In an opinion Tuesday, Judge Marrero allowed a putative consumer fraud class action to proceed (in part) against Canada Goose.  The plaintiff purchased a jacket that he claims was falsely marketed with a paper hang tag stating that the company supports the “ethical, responsible, and sustainable sourcing and use of real fur.”  Judge Marrero rejected the company’s argument that these statements were “too general and subjective” to be actionable, and instead found that the allegations, though “thin,” were enough to proceed beyond a motion to dismiss:
Continue Reading Judge Marrero Allows Consumer Fraud Claims Over Jackets Marketed as Made with Ethically-Sourced Fur

In an opinion yesterday, Judge Broderick dismissed a putative class action brought by former participants in the Catholic Church’s Independent Reconciliation and Compensation Programs who had accepted settlements relating to childhood sex abuse claims. The plaintiffs sought to undo the settlements on the theory that the settlement amounts were fraudulently induced, insofar as they were not determined “independently” but instead were the product of interference from the Church itself and subject to an undisclosed cap of $500,000.

Judge Broderick found that the factual allegations supporting these theories, which had been pleaded as based only on “information and belief,” was insufficient:
Continue Reading Judge Broderick: Participants in Catholic Church’s “Reconciliation” Program Cannot Unwind Settlements

Last week, Judge Daniels dismissed a putative class action against NYU over its decision to conduct classes remotely during the COVID-19 pandemic.  He concluded the plaintiff could not identify any actual promise or agreement by which NYU stated its classes would be held in person:
Continue Reading Judge Daniels: NYU’s Remote Learning During the Pandemic Is Not a Contract Breach Because NYU Never Clearly Promised In-Person Classes

In an opinion yesterday, Judge Engelmayer dismissed a class action accusing Whole Foods of exaggerating the weights of certain pre-packaged foods, so as to overcharge customers.  The genesis of the suit was an analysis by New York City’s Department of Consumer Affairs (DCA) finding that 89% of tested products had incorrect weights.

The lead plaintiff, Sean John, claimed to have bought cupcakes and cheese from Whole Foods, but, since he could only speculate that those particular purchases were weighed wrongly, Judge Engelmayer found he lacked standing:

Although John’s testimony can establish that he purchased cupcakes and cheeses from two Whole Foods stores, there is no competent, non-speculative, evidence that any cupcake or cheese item John bought weighed less than the weight used to price it. The DCA investigation, in the form of spot checks at certain stores, does not support the inference of systematic over-pricing. And John in discovery did not adduce competent evidence of a uniform practice by Whole Foods of falsely inflating the weight of its pre-packaged goods in general, or of cupcakes and cheese in particular.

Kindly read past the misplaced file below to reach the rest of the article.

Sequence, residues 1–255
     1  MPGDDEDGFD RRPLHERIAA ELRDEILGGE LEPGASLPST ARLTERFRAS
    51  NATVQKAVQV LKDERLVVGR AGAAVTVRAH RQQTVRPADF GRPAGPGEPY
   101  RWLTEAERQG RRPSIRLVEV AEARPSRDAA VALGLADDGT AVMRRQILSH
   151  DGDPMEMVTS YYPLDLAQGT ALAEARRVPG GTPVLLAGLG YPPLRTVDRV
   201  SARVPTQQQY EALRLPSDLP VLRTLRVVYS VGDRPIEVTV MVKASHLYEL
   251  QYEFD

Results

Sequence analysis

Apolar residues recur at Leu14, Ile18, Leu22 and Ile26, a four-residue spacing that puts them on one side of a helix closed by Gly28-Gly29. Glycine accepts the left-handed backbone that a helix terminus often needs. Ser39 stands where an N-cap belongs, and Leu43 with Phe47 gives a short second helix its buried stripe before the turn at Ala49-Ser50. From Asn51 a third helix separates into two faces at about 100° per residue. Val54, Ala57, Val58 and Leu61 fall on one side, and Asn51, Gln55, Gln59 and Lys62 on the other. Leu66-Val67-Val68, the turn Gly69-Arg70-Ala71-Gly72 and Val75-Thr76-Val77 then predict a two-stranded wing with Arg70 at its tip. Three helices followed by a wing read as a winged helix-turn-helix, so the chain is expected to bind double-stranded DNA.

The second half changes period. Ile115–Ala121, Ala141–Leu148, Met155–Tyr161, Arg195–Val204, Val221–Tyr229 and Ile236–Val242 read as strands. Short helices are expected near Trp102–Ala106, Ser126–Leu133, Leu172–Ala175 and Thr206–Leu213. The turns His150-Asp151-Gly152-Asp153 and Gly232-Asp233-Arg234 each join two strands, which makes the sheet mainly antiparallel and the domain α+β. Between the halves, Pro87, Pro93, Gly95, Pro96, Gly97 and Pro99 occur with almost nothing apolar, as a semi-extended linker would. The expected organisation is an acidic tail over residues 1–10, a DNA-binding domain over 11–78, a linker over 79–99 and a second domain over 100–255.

John’s argument that there was systematic overpricing was as follows: because “Whole Foods utilizes uniform recipes and procedures for pre-packaged cupcakes and cheeses,” “a single instance of a short-weight cupcake or cheese item could be found to dictate that all food items of the same type, having been produced pursuant to the same specifications, must have been identically short-weight.” Judge Engelmayer found this argument “in tension with lived kitchen experience”:
Continue Reading Judge Engelmayer: “Short Weighting” Class Action Against Whole Foods Disproven by “Lived Kitchen Experience”

Yesterday, Judge Rakoff sanctioned an attorney for an objector to the $3 billion Petrobras securities litigation settlement (see our full coverage of the Petrobras litigation here).  Judge Rakoff had approved the settlement over the objections, after which the objectors filed an appeal.  According to the class plaintiff, the appeals were part of an “extortionist agenda” to extract a monetary settlement in exchange for dismissing their appeals.

Judge Rakoff warned against the rise of frivolous objections to class settlements:
Continue Reading Judge Rakoff Grants Sanctions for “Objector Extortion” in Proposed Class Action Settlement

In an opinion Friday, Judge Oetken refused to dismiss a putative class action brought by Applebee’s patrons who allege that the tabletop computer tablets at the Broadway and Times Square locations force customers to leave a minimum tip of either 15% or 18%, and thereby deceive customers into believing tipping is mandatory, in violation of New York’s consumer protection laws.

The defendants argued (among other things) that the social norm of leaving a tip was grounds to dismiss the case, but Judge Oetken disagreed:
Continue Reading Judge Oetken Refuses to Dismiss Complaint Alleging that Applebee’s Tabletop Tablets Force Patrons to Tip